I’m happy to share that I am one of the co-authors of the first published study to show brain activity during ASMR.
The study is titled, “An fMRI investigation of the neural correlates underlying the ASMR” and was published by Bryson Lochte, Sean Guillory, Craig Richard, and William Kelley in the journal BioImpacts on September 23, 2018.
One of the biggest questions about ASMR is, “What is happening in the brain?” Although this study doesn’t fully answer that question, it is the first data to provide some direct insights.
Participants quietly layed down in fMRI machines, watched ASMR videos, and their brains were scanned during moments of brain tingling – and then those brain images were compared to moments without brain tingling.
The brain regions that were strongly activated during ASMR were similar to those regions activated when humans, and other animals, perform soothing social behaviors – known as affiliative behaviors. Typical examples of affiliative behaviors include calmly sitting close to each other, touching each other gently, and mutual grooming.
So how exactly was this study done?
Flo has his Master’s Degree in German and currently teaches German at a college in Paris.
He also creates ASMR videos for his YouTube channel, Paris ASMR.
Flo became inspired to create a video which merged together relaxing music, tingly French whispers, scenes of Paris, and hypnotic street dancing.
William Halimou (Will) is a 4th year undergraduate student at Oberlin College, Oberlin, Ohio, USA. He is a neuroscience major with a strong interest in music composition and ASMR.
For his Sensory Neuroscience Senior Seminar course he decided to write a review paper about music-induced chills, and he also included ASMR in his paper.
Will shared his paper with me and I found it very well researched and written. His depth of knowledge on music-induced chills and interest in ASMR made him a terrific resource for comparing these two phenomena.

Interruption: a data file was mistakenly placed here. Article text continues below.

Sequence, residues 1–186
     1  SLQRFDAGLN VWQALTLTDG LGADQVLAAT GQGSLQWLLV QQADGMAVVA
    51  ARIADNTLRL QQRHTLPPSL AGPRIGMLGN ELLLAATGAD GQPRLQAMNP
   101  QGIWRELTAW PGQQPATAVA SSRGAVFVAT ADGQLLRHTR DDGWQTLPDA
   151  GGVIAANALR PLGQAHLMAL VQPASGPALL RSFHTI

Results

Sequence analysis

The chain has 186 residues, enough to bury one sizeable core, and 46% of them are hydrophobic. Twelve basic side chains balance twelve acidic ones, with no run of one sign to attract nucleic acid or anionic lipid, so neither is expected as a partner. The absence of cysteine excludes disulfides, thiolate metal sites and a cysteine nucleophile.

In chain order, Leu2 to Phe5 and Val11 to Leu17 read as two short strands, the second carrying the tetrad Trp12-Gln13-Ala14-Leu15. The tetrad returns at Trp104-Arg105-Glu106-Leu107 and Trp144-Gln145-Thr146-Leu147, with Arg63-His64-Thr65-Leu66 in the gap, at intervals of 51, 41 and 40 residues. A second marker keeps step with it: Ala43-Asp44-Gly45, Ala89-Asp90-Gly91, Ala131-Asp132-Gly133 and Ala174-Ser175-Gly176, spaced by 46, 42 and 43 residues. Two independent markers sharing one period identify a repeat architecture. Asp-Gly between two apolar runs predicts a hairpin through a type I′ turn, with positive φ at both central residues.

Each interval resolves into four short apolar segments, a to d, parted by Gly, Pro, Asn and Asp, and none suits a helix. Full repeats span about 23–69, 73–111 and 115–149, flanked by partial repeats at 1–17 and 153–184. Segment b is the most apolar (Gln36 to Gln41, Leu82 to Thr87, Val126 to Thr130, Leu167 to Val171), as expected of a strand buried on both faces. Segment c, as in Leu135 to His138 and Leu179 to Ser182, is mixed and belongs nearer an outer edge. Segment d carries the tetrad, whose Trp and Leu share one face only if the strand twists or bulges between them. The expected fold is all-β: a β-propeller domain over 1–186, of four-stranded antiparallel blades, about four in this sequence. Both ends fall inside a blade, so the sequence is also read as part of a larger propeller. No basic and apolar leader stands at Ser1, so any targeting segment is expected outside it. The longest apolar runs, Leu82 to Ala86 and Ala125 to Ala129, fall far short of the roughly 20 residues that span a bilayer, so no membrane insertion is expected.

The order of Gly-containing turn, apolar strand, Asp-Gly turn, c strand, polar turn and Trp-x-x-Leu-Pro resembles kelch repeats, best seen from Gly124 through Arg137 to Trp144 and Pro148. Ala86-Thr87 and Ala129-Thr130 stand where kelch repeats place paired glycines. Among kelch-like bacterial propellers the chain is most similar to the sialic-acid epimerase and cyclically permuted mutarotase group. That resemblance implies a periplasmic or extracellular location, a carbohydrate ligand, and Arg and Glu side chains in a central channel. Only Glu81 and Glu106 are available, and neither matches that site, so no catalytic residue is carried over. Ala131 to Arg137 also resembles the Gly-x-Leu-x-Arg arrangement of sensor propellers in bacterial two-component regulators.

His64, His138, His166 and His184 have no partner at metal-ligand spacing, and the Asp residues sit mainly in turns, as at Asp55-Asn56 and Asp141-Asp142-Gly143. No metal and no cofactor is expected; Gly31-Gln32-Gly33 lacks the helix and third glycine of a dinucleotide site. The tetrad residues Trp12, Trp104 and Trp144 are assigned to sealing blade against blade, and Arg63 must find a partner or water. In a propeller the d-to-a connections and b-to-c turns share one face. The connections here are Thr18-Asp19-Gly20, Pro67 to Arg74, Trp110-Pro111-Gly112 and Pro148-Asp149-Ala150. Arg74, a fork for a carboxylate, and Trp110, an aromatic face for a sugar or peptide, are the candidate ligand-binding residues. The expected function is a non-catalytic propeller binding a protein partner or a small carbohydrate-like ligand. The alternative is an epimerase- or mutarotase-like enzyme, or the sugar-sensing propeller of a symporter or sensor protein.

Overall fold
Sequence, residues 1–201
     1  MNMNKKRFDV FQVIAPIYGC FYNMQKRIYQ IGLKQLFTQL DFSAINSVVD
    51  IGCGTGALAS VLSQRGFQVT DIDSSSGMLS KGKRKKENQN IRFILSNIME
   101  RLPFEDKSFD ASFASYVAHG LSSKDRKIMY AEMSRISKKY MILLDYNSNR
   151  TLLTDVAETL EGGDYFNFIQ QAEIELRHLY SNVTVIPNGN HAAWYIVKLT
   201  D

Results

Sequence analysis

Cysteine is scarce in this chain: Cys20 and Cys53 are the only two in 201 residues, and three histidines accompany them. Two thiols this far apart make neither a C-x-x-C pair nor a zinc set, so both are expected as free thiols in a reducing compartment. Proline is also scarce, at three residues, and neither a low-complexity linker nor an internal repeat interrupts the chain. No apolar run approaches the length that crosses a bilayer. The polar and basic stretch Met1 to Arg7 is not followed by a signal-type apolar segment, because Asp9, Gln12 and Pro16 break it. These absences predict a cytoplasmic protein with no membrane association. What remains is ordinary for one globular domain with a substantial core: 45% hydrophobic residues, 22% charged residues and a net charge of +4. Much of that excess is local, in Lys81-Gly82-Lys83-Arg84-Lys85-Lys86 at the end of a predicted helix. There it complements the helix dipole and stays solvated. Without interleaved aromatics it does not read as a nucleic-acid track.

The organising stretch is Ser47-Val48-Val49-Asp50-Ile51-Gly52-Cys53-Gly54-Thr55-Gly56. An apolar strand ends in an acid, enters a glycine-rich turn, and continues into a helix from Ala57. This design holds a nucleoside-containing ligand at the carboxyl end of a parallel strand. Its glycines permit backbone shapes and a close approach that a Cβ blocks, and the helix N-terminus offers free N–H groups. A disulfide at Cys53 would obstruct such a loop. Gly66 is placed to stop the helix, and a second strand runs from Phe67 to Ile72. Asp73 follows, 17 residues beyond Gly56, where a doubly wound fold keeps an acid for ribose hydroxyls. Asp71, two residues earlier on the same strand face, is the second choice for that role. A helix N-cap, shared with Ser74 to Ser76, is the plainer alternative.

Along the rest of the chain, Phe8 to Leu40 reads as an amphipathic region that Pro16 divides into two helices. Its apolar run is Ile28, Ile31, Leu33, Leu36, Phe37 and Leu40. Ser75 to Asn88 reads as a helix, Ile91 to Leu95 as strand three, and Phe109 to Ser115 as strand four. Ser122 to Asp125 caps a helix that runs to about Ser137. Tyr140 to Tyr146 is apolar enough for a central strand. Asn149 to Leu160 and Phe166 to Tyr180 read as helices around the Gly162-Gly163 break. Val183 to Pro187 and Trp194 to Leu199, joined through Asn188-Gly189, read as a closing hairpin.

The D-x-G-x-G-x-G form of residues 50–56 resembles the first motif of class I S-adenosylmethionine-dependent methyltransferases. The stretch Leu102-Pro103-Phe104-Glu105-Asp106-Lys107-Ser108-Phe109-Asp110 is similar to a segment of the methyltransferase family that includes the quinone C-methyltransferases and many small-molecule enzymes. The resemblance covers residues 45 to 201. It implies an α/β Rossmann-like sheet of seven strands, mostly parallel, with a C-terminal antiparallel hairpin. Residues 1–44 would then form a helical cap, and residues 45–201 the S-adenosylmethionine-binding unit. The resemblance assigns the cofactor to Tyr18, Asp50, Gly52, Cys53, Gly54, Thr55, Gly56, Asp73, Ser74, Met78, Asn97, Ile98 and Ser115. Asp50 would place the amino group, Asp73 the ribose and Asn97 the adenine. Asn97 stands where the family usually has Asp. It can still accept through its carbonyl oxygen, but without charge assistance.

Jocelyn Morlock is the Composer in Residence of the Vancouver Symphony Orchestra in Canada.
She has the admirable distinction of being the first woman composer in residence in the history of this orchestra.
Now she has another terrific distinction – she may be the first person in history to create an orchestral composition inspired by ASMR.
And the title of her musical composition does a wonderful job of evoking ASMR.
Relaxing music and ASMR triggers have their similarities and their differences.
Similarities include: both can induce relaxation, both have strong auditory component, and both can induce a type of chills or tingles.
Differences include: music is almost all auditory (vibrations can be another sensory input method), the type of chills induced are slightly different, and music may have a stronger emotional component.
And then there is the biggest difference of them all.
An article about ASMR recently appeared in the NY Times electronic blog section and in the print version on page D6.
It was a well written article authored by a woman with insomnia who accidentally stumbled on ASMR videos while hoping to find soothing videos of rustling papers.
She explains how she did find some lovely crinkling paper ASMR videos. These videos ended up helping her with her insomnia better than several other prior treatment types.
The article provided a good overview of ASMR and mentioned some top artists like Maria of Gentle Whispering and Heather Feather.
She also talks about how many of the scientists she reached out to were reluctant to talk about ASMR.
But not all.